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The Dual Life of Staff Sgt. Tim Donovan: From Quiet Pararescueman to High-Flying Demonstrator


The Dual Life of Staff Sgt. Tim Donovan: From Quiet Pararescueman to High-Flying Demonstrator

In the quiet expanse of Hurlburt Field, Florida, Staff Sgt. Tim Donovan of the 23rd Special Tactics Squadron has honed his skills as a pararescueman, mastering the art of silent insertion behind enemy lines. For 16 years, Donovan's contributions to special operations have unfolded away from the public eye, marked by the relentless pursuit of excellence and the readiness to deploy immediately.

However, Donovan's role has taken a dramatic turn, propelling him into the limelight as a vital member of the Air Force Special Operations Command's Parachute Demonstration Team, known as STARS (Special Tactics and Rescue Specialists). This elite group, composed of combat controllers and pararescuemen like Donovan, dazzles audiences of up to 100,000 people and millions of television viewers with precision skydiving and aerial maneuvers.

The STARS team plays a crucial role beyond entertainment; they are at the forefront of the Air Force's recruitment efforts, mainly targeting individuals interested in the challenging and critically understaffed fields of combat control (CCT) and pararescue (PJ). Wayne Norrad, STARS coordinator and a retired CCT chief master sergeant, emphasizes the dual purpose of their demonstrations: to showcase the Air Force's quality of life and skills training while drawing attention to the CCT and PJ career paths.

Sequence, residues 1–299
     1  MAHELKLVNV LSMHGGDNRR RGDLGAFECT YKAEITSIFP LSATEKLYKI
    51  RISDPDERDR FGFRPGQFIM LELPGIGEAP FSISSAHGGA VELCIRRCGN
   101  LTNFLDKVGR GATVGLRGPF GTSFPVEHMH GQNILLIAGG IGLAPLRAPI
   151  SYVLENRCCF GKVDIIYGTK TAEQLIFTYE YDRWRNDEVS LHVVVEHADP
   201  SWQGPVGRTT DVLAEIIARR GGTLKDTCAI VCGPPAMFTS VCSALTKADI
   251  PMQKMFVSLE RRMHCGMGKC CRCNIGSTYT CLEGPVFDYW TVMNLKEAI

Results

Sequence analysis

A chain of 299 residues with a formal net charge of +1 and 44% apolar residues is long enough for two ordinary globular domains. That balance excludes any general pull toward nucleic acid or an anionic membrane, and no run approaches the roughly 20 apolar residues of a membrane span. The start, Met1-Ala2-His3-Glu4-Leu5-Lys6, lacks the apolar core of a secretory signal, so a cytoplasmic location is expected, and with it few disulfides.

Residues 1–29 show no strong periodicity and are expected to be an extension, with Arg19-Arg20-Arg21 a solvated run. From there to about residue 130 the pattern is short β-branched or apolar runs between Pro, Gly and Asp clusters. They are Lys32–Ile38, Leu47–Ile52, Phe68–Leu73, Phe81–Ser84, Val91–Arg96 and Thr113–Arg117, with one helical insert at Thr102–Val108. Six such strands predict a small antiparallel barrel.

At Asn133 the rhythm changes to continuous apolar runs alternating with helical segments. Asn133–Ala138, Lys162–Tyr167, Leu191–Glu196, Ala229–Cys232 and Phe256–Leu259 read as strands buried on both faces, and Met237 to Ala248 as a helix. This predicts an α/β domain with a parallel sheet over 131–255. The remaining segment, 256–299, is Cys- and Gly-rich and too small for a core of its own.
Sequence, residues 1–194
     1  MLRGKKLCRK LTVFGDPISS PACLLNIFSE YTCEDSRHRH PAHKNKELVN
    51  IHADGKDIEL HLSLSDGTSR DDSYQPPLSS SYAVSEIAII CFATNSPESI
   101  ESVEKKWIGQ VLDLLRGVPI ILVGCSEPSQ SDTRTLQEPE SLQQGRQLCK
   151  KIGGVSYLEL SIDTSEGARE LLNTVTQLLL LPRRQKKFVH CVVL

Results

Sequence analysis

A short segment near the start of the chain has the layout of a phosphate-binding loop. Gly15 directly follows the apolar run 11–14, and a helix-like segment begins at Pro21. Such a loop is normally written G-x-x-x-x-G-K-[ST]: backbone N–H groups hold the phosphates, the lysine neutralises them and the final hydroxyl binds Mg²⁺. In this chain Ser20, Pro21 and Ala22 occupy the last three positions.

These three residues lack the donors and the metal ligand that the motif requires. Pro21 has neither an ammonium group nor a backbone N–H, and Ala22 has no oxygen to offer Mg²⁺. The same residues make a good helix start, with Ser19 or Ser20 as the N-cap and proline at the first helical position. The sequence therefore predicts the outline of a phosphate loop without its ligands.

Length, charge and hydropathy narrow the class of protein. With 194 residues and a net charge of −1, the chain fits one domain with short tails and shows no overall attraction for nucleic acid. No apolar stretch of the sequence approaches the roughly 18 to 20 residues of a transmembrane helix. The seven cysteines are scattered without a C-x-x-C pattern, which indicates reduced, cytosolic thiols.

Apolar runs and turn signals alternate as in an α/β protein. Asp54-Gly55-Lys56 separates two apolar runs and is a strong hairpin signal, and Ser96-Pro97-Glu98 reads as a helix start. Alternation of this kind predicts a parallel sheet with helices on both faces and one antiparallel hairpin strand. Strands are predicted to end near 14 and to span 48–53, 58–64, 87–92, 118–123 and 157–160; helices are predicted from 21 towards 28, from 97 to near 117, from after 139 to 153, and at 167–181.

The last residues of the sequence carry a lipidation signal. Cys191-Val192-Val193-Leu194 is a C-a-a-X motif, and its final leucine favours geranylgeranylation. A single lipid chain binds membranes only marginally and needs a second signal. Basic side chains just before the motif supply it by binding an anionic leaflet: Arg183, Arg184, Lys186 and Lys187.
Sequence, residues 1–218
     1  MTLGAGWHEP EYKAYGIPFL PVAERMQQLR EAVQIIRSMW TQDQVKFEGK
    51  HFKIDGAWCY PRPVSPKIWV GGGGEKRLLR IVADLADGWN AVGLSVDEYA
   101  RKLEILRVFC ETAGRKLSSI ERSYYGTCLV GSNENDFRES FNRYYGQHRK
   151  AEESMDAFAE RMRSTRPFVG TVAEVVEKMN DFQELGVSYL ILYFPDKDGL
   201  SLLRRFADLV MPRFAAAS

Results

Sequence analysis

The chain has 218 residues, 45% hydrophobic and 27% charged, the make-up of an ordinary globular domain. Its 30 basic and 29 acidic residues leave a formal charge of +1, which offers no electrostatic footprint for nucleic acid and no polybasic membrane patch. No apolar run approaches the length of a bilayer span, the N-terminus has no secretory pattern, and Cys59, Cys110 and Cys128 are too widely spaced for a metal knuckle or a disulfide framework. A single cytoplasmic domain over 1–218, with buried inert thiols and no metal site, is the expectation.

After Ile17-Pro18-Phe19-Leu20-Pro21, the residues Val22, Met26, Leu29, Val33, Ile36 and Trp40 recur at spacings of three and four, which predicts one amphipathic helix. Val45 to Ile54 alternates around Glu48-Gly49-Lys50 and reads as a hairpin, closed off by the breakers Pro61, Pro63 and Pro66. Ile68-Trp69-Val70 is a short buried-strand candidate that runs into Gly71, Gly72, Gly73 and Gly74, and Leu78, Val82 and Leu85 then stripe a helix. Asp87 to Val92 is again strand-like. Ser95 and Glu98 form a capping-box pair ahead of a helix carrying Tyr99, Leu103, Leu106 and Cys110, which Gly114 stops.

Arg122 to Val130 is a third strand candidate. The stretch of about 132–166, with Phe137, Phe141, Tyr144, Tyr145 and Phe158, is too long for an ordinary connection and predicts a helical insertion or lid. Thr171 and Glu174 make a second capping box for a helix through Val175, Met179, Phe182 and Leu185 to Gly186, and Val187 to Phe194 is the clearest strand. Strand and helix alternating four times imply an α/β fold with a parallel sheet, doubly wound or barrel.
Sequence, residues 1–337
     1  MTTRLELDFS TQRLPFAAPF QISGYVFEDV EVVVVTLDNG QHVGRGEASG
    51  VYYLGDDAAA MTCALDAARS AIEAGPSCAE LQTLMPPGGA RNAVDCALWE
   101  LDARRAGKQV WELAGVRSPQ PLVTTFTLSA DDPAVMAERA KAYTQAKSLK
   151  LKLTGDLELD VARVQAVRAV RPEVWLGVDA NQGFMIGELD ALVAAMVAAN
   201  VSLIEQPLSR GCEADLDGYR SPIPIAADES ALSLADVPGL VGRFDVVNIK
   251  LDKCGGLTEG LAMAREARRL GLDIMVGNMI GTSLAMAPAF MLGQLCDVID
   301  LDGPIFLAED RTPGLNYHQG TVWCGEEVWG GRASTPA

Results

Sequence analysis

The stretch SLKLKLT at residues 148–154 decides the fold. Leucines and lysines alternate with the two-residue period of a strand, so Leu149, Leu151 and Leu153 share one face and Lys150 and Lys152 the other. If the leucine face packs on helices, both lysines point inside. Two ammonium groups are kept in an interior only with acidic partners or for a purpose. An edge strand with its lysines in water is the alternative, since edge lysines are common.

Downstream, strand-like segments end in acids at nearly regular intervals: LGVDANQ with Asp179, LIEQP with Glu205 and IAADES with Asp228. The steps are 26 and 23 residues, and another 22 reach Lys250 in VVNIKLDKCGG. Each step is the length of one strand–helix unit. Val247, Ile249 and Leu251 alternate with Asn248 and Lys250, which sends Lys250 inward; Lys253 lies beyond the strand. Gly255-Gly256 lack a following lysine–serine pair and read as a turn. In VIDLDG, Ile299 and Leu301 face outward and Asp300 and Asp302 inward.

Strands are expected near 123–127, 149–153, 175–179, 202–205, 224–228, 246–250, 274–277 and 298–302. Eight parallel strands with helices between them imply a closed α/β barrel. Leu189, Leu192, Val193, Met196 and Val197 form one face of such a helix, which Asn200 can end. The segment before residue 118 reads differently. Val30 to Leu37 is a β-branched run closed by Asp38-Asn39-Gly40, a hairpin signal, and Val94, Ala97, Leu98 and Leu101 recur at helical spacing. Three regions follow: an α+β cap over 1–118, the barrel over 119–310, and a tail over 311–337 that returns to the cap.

The inception of STARS traces back to an incidental beginning when CCTs from McChord AFB in Washington supported local recruitment efforts through their parachute jumps. Mistaken identities at one event led to the formal establishment of a team that would unmistakably represent the Air Force, culminating in the official formation of STARS in 1996. Their inaugural jumps, including a memorable landing at an NFL game, marked the beginning of a new era for Air Force recruitment and public engagement.

Unlike their Thunderbird counterparts, STARS members maintain operational roles within the Air Force, ready to transition from performers to combat-ready service members immediately. This dual responsibility underscores their commitment to their military duties and their role in inspiring the next generation of Air Force personnel.

Including CCTs and PJs from various commands, including the Air National Guard and Air Force Reserve Command, reflects the growing demand for STARS and the unique skill set required for membership, including extensive free-fall experience and precision landing capabilities.

For Donovan and his teammates, STARS is more than just an opportunity to showcase their skills; it's a platform to raise awareness about the Air Force's unique tactics and capabilities, often overshadowed by their counterparts in other military branches. Their demonstrations serve as a powerful recruitment tool, bridging the gap between the known and the lesser-known elements of military service.

As Donovan reflects on his experiences, from the intensity of combat operations to the thrill of parachute demonstrations, his journey embodies the multifaceted nature of modern military service—where the call to action meets the call to inspire and where duty extends beyond the battlefield to the hearts and minds of potential future airmen.

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